As we moved into the day of the event it was evident the cap was no longer likely to be a major concern, but instead a derecho that formed the previous night in South Dakota and moved across the Plains and into Wisconsin and Illinois during the morning would be an issue. The derecho quickly weakened mid-morning, but left behind widespread convective debris, in the form of widespread cloud cover along with scattered showers and storms. Even into the afternoon hours these issues persisted, with a cluster of severe storms in the Illinois/Iowa border area. Even with these issues, the environment was able to recover rapidly and significantly mid-late afternoon, and scattered storms developed mid-afternoon in Iowa. These storms pushed ESE, two of which moved into NW. Illinois. The dominant storm was located west of Sterling, IL and was moving ESE along a remnant outflow boundary from the early day activity.
Before the storm was mature and was just showing signs of weak rotation, especially aloft, I was pondering whether or not to head out. It would be about a 1 hour and 45 minute drive from where I was at the time. I decided not to, but kept a watch on it. Eventually it was tornado warned, and I decided to pull the trigger and go out after it. At the time I was leaving the storm was still west of Sterling, IL and was turning into an HP supercell. After a quick stop home to get my gear I raced WSW to catch up to it. Along the way there were several tornado reports, and based on radar and reports, they were generally rain-wrapped.
Diving southwest I made it to the far north side Ottawa, IL in time to find a spot to watch the storm move in. Constant lightning illuminated a nicely structured HP storm. Rotation became stronger with a better couplet showing up on radar just as the storm moved from my NNW to ENE. To my north there was a power flash, and at the time I thought I might have gotten a quick glimpse of a rain-wrapped tornado, but I was unsure.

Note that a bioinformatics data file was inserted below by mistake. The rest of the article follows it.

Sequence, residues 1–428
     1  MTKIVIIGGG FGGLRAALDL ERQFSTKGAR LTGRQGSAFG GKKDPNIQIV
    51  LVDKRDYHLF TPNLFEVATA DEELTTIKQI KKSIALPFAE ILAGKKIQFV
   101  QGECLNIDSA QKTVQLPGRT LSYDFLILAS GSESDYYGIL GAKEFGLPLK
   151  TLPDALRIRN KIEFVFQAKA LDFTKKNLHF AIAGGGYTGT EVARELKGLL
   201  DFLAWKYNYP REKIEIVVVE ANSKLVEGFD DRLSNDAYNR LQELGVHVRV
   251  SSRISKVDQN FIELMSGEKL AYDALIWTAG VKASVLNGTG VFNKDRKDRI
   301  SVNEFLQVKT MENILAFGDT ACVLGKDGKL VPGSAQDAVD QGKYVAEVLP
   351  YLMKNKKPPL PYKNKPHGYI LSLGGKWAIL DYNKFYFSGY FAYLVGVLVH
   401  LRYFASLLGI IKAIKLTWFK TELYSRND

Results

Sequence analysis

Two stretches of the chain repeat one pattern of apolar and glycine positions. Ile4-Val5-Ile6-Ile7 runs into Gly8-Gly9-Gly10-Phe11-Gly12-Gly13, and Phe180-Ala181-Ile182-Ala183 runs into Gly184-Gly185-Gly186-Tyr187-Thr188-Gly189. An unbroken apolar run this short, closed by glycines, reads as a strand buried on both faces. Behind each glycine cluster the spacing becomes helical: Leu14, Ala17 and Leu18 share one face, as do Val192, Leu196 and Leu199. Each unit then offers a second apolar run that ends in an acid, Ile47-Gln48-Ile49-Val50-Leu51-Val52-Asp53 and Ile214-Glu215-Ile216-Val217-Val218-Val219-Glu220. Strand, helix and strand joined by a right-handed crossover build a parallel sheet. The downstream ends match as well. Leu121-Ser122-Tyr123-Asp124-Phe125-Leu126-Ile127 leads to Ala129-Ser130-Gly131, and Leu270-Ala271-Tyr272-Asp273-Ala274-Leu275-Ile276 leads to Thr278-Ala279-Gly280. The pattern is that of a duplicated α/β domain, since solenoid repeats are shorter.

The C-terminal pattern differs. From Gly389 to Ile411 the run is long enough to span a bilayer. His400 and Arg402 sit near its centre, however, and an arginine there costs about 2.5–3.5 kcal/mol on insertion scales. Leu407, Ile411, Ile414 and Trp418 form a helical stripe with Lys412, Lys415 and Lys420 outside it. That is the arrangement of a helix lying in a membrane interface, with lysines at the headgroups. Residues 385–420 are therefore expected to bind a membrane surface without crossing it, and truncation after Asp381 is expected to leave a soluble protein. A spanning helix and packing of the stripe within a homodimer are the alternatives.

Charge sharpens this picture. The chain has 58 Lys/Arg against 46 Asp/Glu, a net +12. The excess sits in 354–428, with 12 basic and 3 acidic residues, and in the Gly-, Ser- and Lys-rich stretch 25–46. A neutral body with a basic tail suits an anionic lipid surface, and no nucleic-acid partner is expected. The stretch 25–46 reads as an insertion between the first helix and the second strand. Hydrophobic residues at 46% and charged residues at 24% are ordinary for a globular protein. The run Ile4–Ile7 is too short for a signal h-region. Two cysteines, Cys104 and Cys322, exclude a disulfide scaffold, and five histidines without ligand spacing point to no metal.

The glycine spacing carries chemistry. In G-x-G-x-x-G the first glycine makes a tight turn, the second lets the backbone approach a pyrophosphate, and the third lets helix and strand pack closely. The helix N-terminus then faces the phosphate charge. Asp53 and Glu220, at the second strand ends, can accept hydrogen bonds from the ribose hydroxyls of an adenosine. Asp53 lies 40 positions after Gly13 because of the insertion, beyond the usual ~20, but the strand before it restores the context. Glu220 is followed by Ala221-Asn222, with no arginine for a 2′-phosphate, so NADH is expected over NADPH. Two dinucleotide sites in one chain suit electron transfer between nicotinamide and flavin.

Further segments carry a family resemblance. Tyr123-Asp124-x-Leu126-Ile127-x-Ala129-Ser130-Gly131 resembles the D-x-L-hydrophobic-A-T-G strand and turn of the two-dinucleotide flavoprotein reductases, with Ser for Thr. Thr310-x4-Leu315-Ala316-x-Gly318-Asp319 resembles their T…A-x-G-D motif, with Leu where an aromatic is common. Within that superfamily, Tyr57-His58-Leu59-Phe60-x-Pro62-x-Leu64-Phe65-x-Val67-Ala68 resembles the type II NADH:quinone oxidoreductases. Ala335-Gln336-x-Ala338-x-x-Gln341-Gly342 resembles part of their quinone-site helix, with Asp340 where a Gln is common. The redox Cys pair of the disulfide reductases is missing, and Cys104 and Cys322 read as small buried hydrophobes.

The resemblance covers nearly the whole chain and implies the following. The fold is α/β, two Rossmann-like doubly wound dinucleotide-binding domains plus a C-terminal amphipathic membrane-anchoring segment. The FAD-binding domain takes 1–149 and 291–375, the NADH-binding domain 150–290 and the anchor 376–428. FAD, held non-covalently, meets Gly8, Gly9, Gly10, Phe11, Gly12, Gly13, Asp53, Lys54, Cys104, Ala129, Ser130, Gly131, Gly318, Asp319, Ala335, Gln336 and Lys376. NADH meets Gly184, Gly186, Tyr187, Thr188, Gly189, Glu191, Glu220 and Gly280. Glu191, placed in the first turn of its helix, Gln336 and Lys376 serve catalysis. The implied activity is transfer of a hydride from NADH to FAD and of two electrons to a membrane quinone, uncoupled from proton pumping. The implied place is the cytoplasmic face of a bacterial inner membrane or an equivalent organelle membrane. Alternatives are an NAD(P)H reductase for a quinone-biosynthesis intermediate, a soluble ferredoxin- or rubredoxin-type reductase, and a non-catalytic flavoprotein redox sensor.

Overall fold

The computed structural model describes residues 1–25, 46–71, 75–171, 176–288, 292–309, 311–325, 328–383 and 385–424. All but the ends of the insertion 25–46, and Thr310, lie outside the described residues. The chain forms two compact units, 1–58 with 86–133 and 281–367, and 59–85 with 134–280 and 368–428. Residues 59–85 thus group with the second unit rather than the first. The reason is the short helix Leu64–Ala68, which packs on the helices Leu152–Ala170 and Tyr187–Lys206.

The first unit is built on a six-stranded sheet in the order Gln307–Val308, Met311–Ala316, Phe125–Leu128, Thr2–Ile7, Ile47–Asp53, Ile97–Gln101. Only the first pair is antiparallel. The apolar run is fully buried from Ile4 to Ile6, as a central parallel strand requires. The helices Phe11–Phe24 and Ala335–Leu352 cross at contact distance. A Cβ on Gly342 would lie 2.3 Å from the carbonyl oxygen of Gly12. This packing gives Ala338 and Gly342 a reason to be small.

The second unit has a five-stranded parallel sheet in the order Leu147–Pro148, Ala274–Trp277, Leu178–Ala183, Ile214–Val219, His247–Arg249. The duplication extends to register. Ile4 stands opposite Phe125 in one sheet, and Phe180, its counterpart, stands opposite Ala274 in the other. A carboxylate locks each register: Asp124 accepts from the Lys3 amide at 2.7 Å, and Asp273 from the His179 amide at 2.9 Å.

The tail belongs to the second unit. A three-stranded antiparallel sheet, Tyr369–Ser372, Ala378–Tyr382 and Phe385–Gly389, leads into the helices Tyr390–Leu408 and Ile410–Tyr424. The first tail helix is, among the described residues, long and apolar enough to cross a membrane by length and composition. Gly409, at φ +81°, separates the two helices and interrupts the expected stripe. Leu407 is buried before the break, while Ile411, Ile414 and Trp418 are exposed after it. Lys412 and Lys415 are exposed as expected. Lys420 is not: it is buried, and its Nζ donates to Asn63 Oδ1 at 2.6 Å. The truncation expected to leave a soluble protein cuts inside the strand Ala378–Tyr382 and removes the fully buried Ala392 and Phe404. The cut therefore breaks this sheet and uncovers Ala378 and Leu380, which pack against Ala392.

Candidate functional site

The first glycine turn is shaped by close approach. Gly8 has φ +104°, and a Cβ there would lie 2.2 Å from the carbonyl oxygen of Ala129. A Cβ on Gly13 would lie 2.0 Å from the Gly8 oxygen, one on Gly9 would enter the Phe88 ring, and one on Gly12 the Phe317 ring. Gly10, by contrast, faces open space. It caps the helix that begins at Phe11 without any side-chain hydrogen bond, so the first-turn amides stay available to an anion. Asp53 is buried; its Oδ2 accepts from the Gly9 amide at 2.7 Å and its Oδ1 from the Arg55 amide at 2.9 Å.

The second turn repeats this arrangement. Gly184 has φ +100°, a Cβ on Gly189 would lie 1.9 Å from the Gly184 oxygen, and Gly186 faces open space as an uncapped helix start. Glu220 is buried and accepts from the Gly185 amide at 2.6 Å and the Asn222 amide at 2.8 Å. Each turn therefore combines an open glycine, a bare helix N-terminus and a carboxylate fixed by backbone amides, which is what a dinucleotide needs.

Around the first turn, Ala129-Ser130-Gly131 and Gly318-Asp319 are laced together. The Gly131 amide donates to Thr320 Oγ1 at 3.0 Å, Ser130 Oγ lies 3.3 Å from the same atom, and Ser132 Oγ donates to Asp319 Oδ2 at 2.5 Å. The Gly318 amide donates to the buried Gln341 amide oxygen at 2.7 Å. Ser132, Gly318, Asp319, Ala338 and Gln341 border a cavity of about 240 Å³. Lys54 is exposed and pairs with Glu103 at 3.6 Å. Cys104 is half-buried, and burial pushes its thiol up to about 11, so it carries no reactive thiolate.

I ended up following the storm east on Route 6, with the main rotation being just a few miles to my north the whole time. I made it to Seneca, IL where I had to stop as the storm had pulled ahead of me a bit, and rotation had once again increase and was crossing the road a few miles ahead of me. At my location there was torrential rain and strong winds. I decided to call it a chase at this point, as I had gotten behind the storm, and a line of storms behind the supercell had also started to move through.
According to the NWS Chicago surveys there was indeed a confirmed an EF-1 tornado just north of where I was sitting in Ottawa, and would have been where I saw the power flash and thought I had a glimpse of the tornado. In addition to that, I captured the power flash on video, and it seems the power flash illuminates an object in the rain shield. Now whether that was the actually a tornado, scud, or heavier rain/hail, I'll never know for sure. Some pictures of this is below. Also, NWS Chicago confirmed and EF-1 tornado where the area of rotation crossed Route 6 a few miles ahead of me while sitting in Seneca.
Some video from this chase can be viewed below.